Chuck: Of course, these rules may be a bit relaxed when you're calling someone's cell phone or talking to a foreigner. For example, today, that condition was met. So we don't hear the typical beginning. What do typical conversations sound like on a phone in Germany?
Judith: Well, if we imagine that Paul is calling Sarah, then she should go like, "Sarah?"
Chuck: I guess he would answer something like, "Paul here. Hello, Sarah."
Judith: "Ah, Paul Wie geht's?."
Chuck: I guess that is much more efficient.
Judith: Yes. No need to wonder who you're talking to..
VOCAB LIST
Chuck: Let's take a look at the vocabulary for this lesson. The first word we shall see is.
Judith: wer
Chuck: Who.
Judith: wer
Chuck: Next.
Judith: wegen
Chuck: Because of.
Judith: wegen
Chuck: Next.
Judith: wann
Chuck: When.
Judith: wann
Chuck: Next.
Judith: uns
Chuck: Us.
Judith: uns
Chuck: Next.
Judith: treffen
Chuck: To meet.
Judith: treffen and this is a vowel-changing verb.
Chuck: Next.
Judith: um
Chuck: Around or at a point of time.
Judith: um
Chuck: Next.
Judith: halb
Chuck: Half.
Judith: halb
Chuck: Next.
Judith: früh
Chuck: Early.
Judith: früh
Chuck: Next.
Judith: Viertel
Chuck: Quarter or a (bureau).
Judith: Viertel this is neutral and the plural is the same.
Chuck: Next.
Judith: vor
Chuck: Before or some time ago.
Judith: vor
Chuck: Next.
Judith: dann
Chuck: Then.
Judith: dann
KEY VOCAB AND PHRASES
Chuck: Let's have a closer look at the usage for some of the words and phrases from this lesson.
Judith: The first phrase we'll look at is „Wie geht’s?“. It's the colloquial short version of „Wie geht es dir?“.
Chuck: So it's really saying, "What's up?" Wouldn't you?
Judith: Yeah „Wie geht’s?“. Then we should look at „treffen“.
Chuck: To meet.
Judith: „treffen“ is a funny verb in German because Germans literally say, "We meet us" or "We meet ourselves." Hence, there is the unexpected „uns“ in „wir treffen uns“. You don't just say „wir treffen“ you have to say „wir treffen uns“
Chuck: Sometimes you may even hear Germans say, "We meet ourselves."
Judith: Yes. It's a source of mistake. Then we should talk about „früh“.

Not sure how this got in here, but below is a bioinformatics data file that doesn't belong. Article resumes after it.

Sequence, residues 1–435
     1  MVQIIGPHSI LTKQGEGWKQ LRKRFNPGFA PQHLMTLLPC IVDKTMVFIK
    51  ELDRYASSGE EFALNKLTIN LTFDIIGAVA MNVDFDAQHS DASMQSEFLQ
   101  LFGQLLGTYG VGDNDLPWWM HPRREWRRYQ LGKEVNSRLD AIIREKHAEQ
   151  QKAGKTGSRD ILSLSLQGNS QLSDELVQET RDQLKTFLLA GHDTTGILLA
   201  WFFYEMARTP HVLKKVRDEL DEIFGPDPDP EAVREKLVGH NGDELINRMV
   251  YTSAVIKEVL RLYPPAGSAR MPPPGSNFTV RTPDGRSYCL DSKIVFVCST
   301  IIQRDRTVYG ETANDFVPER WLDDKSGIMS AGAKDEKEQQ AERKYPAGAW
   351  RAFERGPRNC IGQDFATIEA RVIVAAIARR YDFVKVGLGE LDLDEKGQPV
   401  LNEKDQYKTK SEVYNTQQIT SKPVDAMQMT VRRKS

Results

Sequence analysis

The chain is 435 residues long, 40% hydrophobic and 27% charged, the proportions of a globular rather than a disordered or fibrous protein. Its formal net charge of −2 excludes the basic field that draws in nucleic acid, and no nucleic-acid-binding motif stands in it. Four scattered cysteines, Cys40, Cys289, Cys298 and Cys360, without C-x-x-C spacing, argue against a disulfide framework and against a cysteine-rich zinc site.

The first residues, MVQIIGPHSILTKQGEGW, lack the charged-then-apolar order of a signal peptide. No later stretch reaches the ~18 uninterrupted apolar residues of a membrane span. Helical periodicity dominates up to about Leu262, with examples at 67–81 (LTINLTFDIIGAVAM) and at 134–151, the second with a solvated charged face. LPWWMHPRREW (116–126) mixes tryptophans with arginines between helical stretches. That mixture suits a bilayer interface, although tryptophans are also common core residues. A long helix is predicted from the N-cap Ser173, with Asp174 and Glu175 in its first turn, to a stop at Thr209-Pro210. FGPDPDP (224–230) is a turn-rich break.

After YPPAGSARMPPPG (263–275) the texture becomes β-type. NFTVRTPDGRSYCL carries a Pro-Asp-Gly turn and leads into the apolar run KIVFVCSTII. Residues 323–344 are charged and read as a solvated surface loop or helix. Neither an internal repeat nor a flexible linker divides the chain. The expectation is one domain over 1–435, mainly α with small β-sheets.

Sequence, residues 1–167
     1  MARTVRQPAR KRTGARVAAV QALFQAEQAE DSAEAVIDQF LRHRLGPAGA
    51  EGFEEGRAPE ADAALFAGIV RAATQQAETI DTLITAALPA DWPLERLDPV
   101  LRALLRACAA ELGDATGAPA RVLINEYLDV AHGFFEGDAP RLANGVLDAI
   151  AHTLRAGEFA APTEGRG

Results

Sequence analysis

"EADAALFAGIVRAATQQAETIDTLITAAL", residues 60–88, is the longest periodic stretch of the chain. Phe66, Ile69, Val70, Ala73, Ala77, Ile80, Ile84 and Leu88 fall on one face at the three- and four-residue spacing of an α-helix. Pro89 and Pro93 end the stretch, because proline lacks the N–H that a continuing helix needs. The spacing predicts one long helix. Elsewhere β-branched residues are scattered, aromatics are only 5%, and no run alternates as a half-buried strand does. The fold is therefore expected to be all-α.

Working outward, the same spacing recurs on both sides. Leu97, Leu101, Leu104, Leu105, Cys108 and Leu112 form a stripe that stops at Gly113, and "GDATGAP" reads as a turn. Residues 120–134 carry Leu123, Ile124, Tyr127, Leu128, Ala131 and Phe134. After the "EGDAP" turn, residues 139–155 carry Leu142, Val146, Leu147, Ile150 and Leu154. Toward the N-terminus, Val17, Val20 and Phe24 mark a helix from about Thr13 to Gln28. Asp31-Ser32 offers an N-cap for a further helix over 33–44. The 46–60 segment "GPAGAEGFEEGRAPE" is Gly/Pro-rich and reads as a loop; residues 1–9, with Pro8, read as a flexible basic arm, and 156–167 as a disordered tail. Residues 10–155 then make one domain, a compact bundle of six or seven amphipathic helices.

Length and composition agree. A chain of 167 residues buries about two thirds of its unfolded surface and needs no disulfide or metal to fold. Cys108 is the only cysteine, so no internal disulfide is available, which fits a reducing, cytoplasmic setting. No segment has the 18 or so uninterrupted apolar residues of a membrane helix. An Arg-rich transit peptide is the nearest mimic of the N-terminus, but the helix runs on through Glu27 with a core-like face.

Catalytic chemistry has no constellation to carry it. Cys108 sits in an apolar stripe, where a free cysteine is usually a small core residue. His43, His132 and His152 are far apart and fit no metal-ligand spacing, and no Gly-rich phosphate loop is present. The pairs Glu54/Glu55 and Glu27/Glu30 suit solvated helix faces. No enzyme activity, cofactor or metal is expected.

Chuck: Early.
Judith: „früh“ means early, so „früher“ means…
Chuck: Earlier.
Judith: Yes. In German, the comparative form of adjectives is always made by adding "ER". So „früh“, „früher“ / However, I shouldn't tell you this yet. It will be a topic in the intermediate series. Finally, Bis dann!
Chuck: Until then.
Judith: It's a common informal way of saying Goodbye, like "see you." You can also use „bis“ with other words. For example, „Bis morgen!“.
Chuck: See you tomorrow.
Judith: Or „Bis heute Abend!“.
Chuck: See you tonight.

Lesson focus

Judith: The focus of this lesson is the time of the day. In German, there are different ways to tell time. The most common one is to name the nearest quarter of the hour.
Judith: So in this case, you would say something like Um ____.
Chuck: That would be the full hour.
Judith: Yeah.
Chuck: Basically, o'clock.
Judith: Yeah, at 6 o'clock Um sechs Uhr. or you could say Viertel nach ____.
Chuck: A quarter past a certain hour. In this case, 6.
Judith: Viertel nach sechs. of course, there's also Viertel vor ____.
Chuck: A quarter of an hour or before full hour.
Judith: Yes, and Halb ____.
Chuck: Half an hour before.
Judith: Yes. But careful here because “Halb sechs” is actually half past 5, because we are going towards the next hour. If you say “Halb acht” it's half past 7. You're always thinking a half hour before 8 “Halb acht”
Chuck: You can also indicate any amount of minutes before or after the full hour by using „vor“ as in…
Judith: Meaning before.
Chuck: And „nach“.
Judith: After.
Chuck: What are some examples of that?
Judith: Zehn nach sechs.
Chuck: Ten past 6.
Judith: Zehn vor vier.
Chuck: Ten to 4. Or you can just give the time digitally by reading the numbers like off a wristwatch.
Judith: Yes, „Zwölf Uhr Vier“.
Chuck: 12:04. When using this approach, almost all Germans will use a 24-hour schema instead of 12. So 5 o'clock in the evening is usually called „Siebzehn Uhr“ 17 o'clock. This is really critical too when you look at the train schedules or flights within Europe.